Greek Words: Beautiful Words from Each Other

Greek words

Greece is one of the unique places with its mythological history, pleasing streets, warm people and delicious food, which visually satisfies our souls. It always arouses curiosity with its language and historical texture. In terms of the appearance of Greek letters Although it may seem incomprehensible, it is actually a pleasant language that leaves a sweet sound in the ear. Moreover, Greek and Greek words are very rich in terms of expressions and meanings. It is one of the oldest languages in the Indo-European family. If we look at its history, it has a rich and varied history with its writing system inspired by the Phoenician alphabet. The history of the Greek language spans more than 2,000 years and various periods, from the Archaic Period (900-600 BC) to the Hellenistic Period (323-30 BC), but its written tradition dates back to the 1st century BC. It begins with epic poetry at the beginning of the millennium.

One of the most fascinating things about the Greek language is its ancient roots. The Greeks have been speaking a unique language for over 3000 years! As we all know, alphabets were used in Ancient Greece and were taken as a part of cultural heritage by many countries colonized by the Greeks. Fortunately, being influenced by other languages does not change one’s roots; it just makes them stronger.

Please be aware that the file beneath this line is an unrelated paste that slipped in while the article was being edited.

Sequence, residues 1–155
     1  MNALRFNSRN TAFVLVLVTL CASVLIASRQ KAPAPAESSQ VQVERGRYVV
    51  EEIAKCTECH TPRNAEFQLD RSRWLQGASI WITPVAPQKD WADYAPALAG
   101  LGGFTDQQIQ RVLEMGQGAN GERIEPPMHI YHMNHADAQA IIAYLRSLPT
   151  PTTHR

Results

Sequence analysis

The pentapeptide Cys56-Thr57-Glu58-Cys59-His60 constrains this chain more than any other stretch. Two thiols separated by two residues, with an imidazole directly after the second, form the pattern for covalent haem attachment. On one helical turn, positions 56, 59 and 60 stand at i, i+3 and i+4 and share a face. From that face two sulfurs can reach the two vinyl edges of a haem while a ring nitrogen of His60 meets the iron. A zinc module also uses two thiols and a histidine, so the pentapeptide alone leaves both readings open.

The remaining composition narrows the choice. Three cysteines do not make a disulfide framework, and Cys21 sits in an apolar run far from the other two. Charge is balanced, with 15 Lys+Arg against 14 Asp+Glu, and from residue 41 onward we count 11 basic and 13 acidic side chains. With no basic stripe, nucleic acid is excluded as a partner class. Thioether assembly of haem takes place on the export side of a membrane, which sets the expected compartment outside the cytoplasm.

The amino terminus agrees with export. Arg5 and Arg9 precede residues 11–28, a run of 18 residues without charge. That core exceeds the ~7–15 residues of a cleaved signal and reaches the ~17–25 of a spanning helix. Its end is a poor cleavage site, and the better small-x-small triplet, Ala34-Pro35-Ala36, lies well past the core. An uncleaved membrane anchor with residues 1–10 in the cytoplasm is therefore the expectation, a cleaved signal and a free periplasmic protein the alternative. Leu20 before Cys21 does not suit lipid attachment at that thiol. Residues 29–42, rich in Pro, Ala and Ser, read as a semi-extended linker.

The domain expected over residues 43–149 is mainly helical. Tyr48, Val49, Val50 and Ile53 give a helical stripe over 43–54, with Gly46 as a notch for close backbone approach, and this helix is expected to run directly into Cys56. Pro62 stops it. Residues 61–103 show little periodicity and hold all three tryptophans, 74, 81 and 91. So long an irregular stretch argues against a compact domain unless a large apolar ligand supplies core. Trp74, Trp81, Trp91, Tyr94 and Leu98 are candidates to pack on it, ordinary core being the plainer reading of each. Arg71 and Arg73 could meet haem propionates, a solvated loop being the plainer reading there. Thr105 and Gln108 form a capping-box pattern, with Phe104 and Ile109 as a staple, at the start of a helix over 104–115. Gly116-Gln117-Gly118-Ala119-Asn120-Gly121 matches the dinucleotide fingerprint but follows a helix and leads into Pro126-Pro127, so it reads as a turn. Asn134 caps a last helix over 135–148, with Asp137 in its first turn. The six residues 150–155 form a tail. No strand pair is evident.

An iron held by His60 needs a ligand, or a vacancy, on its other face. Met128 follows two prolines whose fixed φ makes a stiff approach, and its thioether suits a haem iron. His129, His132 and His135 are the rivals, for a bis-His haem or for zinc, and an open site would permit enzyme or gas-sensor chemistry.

The dialect of Greece is a very poetic dialect. It has a soothing voice that makes it easy to learn and can be memorized effortlessly. Unlike other languages, Greek makes use of visual images in the meaning of words. So besides their true meaning, certain features such as colours, sounds and causes make them unique. Greek has been spoken for over three and a half thousand years, making it the oldest of the Indo-European languages – hence its nickname “the mother of western languages”. Only 13.5 million people speak Greek as their mother tongue, but the global impact is huge. Most of the major foundational texts in Western philosophy – think Plato and Aristotle. And Greek is the foundation of grammar and syntax rules, as well as words and phrases in languages spoken around the world, so don’t be surprised if some of these words sound familiar to you.